Education Secretary Betsy DeVos lost a lawsuit brought by 19 states and the District of Columbia, accusing her department of wrongly delaying implementation of Obama-era regulations meant to protect student loan borrowers from predatory practices.
A Washington federal court judge ruled Wednesday that the department’s postponement of the so-called Borrower Defense rule was procedurally improper. The case, Bauer vs. DeVos, includes California among the plaintiffs.
The Obama administration created the rule in the wake of revelations that some for-profit colleges enticed students with promises of an education and diplomas that would enable them to get jobs in their chosen fields. In reality, many of those certifications weren’t recognized by prospective employers, leaving graduates saddled with student loans they couldn’t repay.
The Borrower Defense regulations changed the rules for forgiving student loans in cases of school misconduct and required "financially risky institutions" to be prepared to cover government losses in those instances, according to U.S. District Judge Randolph Moss’ 57-page ruling.
By postponing the effective date of those regulations, the Education Department deprived plaintiffs "of several concrete benefits that they would have otherwise accrued," Moss wrote. "The relief they seek in this action — immediate implementation of the Borrower Defense regulations — would restore those benefits."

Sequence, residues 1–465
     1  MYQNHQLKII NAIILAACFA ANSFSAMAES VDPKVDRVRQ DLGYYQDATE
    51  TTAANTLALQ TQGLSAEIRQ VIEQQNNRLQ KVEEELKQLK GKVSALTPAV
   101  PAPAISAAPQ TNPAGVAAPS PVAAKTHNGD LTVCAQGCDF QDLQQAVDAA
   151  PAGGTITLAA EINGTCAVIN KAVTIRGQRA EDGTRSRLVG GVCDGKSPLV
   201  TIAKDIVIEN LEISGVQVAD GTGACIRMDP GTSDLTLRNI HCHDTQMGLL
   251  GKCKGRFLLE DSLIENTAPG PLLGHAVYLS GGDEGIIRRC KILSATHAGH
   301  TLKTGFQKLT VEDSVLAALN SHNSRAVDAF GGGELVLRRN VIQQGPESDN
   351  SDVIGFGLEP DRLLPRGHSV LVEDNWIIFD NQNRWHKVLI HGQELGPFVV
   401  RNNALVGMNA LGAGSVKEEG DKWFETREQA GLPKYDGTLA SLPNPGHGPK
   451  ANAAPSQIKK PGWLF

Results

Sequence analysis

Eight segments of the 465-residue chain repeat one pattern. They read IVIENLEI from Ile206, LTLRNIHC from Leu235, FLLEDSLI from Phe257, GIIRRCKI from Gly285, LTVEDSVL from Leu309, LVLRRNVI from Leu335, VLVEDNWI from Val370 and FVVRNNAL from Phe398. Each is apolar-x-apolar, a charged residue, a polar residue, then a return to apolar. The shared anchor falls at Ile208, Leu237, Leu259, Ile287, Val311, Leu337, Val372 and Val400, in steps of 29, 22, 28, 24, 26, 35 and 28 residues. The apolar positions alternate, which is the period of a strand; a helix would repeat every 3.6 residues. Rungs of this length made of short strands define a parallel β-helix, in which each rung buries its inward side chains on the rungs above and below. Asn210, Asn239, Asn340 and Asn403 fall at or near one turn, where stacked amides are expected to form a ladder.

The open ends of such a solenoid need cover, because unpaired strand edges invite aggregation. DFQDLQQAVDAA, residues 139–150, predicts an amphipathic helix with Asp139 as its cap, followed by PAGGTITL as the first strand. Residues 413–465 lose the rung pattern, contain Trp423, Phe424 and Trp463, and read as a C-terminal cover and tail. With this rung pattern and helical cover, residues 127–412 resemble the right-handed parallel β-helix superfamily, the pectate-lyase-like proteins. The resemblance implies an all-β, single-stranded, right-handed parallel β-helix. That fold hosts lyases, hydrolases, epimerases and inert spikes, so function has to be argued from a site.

Writing that he didn’t want to delay matters further, Moss — a 2014 appointee of then-President Obama — said he will hold a hearing Friday to consider remedies.
The Department of Education didn’t respond to a request for comment.
The regulations were to take effect July 1, 2017, but the government delayed implementation in June of that year after the California Assn. of Private Postsecondary Schools sued, challenging the validity of the rule.
DeVos said then that while her "first priority" was to protect students, the Obama administration’s rule-making effort had "missed an opportunity to get it right." In October, her department provisionally reset the effective date to July 1, 2018, and then in February postponed it again, now to July 1, 2019.
Moss ruled that all those delays were invalid. He rejected a succession of arguments from government lawyers, calling some "unpersuasive" and others "unhelpful." His decision also covered claims by two student borrowers in a lawsuit filed on their behalf by the consumer advocacy group Public Citizen. The states’ suit was consolidated with it.